TERMINATES IN LESS TIME. Same thing!
Actually, Rice's theorem states that you can't compute _whether_ a program
terminates, not merely when it terminates; you misquoted it. So you're
wrong either way.
>If the mix differs, i.e. outside
>our expectations, then we will react based on the
>number of such instances which in turn changes our
>expectations. In which case we repeat the
Ah, yes. That's a decent way to handle things. One method for handling
this is called "dynamic optimization"; in that, you include a few optimisers
with the executable, and you profile the program while it's running. Parts
of the program which run frequently can get optimised with more
time-consuming optimization processes.
Suprisingly, it seems to work well.
>Now you may believe that you have some human being
>that can beat a machine at this, including making
>the changes as the expected input mix changes, but
>I doubt it.<g>
One of the the problems with pitting a human against a machine heuristic is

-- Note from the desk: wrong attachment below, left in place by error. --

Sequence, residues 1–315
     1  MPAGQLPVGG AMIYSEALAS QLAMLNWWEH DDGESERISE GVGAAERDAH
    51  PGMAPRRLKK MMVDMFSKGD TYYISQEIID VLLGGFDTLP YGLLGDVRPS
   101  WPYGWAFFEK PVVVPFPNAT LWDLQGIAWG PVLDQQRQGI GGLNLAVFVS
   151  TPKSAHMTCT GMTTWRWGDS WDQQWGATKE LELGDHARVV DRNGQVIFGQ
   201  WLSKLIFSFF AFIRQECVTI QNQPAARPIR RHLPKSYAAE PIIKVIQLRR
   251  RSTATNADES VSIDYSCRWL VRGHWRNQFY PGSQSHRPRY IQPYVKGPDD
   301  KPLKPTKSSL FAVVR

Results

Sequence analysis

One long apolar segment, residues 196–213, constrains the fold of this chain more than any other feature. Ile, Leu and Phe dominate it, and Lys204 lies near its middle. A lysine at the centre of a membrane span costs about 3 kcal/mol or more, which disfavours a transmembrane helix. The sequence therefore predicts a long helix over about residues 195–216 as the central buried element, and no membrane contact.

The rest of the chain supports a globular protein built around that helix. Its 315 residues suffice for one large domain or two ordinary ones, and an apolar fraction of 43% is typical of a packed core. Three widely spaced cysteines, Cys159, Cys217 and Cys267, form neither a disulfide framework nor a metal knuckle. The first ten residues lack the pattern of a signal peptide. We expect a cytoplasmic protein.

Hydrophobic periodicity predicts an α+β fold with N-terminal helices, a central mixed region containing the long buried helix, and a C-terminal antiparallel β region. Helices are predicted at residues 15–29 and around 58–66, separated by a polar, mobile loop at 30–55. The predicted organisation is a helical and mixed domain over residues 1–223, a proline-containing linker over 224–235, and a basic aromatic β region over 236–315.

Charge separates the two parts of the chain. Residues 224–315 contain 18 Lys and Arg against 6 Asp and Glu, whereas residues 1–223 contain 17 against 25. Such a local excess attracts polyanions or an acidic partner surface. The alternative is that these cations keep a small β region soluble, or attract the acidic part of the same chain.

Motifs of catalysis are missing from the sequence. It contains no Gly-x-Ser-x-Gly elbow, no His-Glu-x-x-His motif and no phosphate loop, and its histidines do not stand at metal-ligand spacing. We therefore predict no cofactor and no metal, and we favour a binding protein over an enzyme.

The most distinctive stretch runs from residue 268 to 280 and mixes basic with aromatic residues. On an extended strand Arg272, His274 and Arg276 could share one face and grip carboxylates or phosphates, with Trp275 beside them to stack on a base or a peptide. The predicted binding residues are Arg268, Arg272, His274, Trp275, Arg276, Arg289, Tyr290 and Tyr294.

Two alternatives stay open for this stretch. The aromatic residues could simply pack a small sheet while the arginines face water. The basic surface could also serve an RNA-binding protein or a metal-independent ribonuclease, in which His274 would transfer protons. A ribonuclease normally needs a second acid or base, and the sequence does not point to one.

that most people are an expert in only one field. VERY few people who are
experts in figuring ways to optimise code are also supremely skilled in
figuring out ways to tell computers how to use their heuristics. Therefore,
the computer is not truly competing against the human; instead, the person
who is good at coding heuristics which optimise code is competing against
the person who is good at optimising code. The person who is good at
optimising code will win (almost) every time. So it's not really fair.
On the bright side, most of us aren't as good at optimization as even the
heuristics expert. So his code _can_ beat us, if it's on a level playing